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The genie, the bottle and the leverage

Home officers have become efficient and, God help us, fashionable.

COVID turned the world upside down.

It changed how we looked at each other, how we weighed risk, and how we evaluated what was important.

COVID made simple things difficult and made difficult things impossible.

And now, almost four years removed from the initial outbreak of the disease, we are seeing how the workplace is once again the subject of a quiet debate over the importance of people being in the office vs. those who have grown accustomed to working from home.

It’s a classic conundrum. Employees have grown used to skipping the commute. Routines have been built. Convenience has not only become a watch word, it has become the center of the day. Home offices have become efficient and, god help us, fashionable.

In the meantime, traditionalists, middle-management folk and eaters of much data say that it’s time to return to the office, brave the lunchroom, do battle with the printer and renew old ties to comrades in arms.

While new strains of COVID keep morphing, outbreaks have been kept to a minimum, vaccine development has become almost second nature and health risks appear reasonable. Or at least reasonable enough so that management suggesting or insisting that folks make at least cameo appearances in the office can’t be shouted down as uncaring.

Studies are all over the map. A much celebrated report of 60,000 Microsoft employees showed that those working from home were 10% more productive than their colleagues in the office. On the other hand, a study from the Stanford Institute for Economic Policy and Research showed those at home were 10-20% less productive.

I’ll cop to this up front. I haven’t been a regular inhabitant of a workplace for some time. I used to commute to Petaluma from San Rafael each day. Then the company decided it wanted a San Francisco office because it would be easier to recruit editorial talent to Bagdad by the Bay. That was the cover story anyway, the company was really being set up to sell. After the company learned that it would cost those of us in the North Bay about $8,000 a year in new costs between parking, bridge tolls or ferry tickets (and raises to cover those costs were not in the cards), it was suggested a couple guest appearances a week would work. That soon became the occasional cameo.

The company was sold to a big European media company, and then COVID hit. Offices were shut down and Microsoft Teams became the weapon of choice for meetings. We were told the company didn’t care where we worked from as long as we made deadlines. We worked half day Fridays as my London-based company said balance in work life and family were important.

God bless the Brits and God save the queen.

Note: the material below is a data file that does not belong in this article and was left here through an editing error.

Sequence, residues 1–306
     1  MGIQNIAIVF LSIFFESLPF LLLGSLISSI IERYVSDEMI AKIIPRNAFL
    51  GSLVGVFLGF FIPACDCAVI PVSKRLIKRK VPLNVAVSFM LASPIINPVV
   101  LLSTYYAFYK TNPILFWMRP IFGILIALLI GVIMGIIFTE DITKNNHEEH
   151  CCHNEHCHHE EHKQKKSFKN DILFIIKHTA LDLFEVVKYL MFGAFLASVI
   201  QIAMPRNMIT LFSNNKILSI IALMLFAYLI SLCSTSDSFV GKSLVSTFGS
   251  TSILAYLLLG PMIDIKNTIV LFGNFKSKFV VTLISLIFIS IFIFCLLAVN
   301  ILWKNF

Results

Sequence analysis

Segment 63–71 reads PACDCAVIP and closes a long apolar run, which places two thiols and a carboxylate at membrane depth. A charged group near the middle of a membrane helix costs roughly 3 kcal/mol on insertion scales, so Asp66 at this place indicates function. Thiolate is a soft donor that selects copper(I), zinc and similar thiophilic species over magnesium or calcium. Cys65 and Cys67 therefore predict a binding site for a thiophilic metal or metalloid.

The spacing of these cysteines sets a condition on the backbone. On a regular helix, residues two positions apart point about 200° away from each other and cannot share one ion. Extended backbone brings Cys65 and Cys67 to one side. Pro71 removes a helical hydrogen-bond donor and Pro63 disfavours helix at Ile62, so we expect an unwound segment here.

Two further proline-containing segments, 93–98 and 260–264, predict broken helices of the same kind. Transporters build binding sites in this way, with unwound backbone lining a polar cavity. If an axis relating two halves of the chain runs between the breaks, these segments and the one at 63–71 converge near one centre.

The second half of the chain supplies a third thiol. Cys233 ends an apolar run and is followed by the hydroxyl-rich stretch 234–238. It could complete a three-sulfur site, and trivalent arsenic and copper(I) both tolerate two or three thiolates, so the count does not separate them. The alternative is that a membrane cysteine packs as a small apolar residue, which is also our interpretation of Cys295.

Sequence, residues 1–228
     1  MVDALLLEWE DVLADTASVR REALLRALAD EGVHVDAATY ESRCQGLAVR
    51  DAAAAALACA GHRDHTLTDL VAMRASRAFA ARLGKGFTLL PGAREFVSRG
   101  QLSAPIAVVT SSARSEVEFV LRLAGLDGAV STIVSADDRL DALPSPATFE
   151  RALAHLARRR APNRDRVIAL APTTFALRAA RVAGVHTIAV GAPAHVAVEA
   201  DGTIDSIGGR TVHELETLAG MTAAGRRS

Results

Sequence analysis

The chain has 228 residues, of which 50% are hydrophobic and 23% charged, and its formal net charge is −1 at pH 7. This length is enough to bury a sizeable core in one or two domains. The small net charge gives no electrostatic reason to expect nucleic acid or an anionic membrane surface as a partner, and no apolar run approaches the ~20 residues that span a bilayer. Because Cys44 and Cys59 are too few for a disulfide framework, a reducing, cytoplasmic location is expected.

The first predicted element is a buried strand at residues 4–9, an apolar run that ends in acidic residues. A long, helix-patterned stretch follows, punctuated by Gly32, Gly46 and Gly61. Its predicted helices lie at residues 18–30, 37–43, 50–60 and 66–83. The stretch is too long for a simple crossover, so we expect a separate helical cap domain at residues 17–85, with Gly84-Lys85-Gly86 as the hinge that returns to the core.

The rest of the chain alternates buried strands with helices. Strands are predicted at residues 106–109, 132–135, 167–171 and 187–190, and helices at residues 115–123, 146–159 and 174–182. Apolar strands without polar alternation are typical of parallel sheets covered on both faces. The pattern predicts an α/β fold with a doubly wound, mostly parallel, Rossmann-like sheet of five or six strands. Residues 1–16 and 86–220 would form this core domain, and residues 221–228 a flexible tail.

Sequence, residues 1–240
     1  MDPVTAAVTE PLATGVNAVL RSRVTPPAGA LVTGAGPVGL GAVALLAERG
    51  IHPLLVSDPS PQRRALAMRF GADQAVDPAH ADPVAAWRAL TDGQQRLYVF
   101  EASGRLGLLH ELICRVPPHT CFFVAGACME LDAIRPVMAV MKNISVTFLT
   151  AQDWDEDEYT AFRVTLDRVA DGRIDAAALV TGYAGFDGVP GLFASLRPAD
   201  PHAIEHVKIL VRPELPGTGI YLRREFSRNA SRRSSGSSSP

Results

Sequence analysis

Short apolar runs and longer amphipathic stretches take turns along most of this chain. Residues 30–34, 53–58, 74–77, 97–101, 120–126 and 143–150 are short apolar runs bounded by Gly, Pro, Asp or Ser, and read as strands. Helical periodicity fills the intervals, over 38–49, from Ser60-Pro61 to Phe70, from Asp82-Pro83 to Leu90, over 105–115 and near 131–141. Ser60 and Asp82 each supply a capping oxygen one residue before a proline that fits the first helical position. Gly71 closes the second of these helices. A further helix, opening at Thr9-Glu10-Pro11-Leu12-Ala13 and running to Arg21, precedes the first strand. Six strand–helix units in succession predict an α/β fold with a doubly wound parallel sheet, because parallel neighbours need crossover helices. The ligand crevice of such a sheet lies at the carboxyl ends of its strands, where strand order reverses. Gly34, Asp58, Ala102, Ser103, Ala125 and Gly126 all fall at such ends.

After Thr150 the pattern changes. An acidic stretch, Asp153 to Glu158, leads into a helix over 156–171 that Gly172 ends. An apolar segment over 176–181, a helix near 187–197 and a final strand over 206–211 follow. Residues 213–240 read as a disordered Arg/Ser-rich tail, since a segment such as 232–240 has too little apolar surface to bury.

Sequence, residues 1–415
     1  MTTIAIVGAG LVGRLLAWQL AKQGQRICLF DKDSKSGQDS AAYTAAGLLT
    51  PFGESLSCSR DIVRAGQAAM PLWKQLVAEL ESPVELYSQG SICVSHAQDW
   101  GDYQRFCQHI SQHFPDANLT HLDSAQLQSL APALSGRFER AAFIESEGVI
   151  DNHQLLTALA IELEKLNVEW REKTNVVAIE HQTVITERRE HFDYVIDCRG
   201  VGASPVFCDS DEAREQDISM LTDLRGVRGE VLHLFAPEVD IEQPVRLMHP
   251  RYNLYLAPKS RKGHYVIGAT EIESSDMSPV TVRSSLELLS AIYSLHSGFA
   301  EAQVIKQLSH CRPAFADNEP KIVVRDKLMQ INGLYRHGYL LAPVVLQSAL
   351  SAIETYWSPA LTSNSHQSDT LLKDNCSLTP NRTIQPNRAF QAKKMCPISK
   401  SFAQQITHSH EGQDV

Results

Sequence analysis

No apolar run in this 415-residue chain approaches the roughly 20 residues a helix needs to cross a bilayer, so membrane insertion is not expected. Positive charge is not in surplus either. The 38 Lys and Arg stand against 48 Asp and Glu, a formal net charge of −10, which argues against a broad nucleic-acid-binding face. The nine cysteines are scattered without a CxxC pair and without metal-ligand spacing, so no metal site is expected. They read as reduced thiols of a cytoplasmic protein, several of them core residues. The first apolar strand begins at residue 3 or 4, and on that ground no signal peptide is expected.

Then we were sold again, to a private equity firm based in London. And now the staff in New York needs to show up every Thursday. And Fridays are back to eight hours.

The tug of war between management and staff is back on. But a couple things have changed since all of us were wearing masks and investing in Purell sanitizer. People have embraced the home office, and the traditional leverage that companies have always enjoyed over employees has shifted a bit.

The trouble is that employees were at home and the work got done. The concept that the office is the only place from which productivity flows is an open question. And the leverage companies have always enjoyed may be in flux.

Marin has always had a lower unemployment rate than the rest of California. In August, the last month available as I write this, the rate was 3.7% according to the good folks at the California Employment Development Department. That compares to 5.1% for California and 3.9% on a national basis.

Our county has unique challenges in that its driven by small businesses, which simply by its scale means that there are fewer jobs and that those jobs are not at the top of the pay scale. Add to that a commute that in the past has been brutal and housing that is decidedly expensive. The recruiting and hiring of quality employees can be difficult under the best circumstances.

Moreover, Marin is an expensive place to do business in and growth can be challenging. Companies have always chafed at the amount of regulation and red tape that guards the local city halls.

How the work from home concept will fair in the long run is clearly an open question. But the one-sided business model that calls for companies to call all the shots and for staff to nod their heads in agreement is clearly shifting.

The old saw goes “change is good.”

Yeah. You go first.

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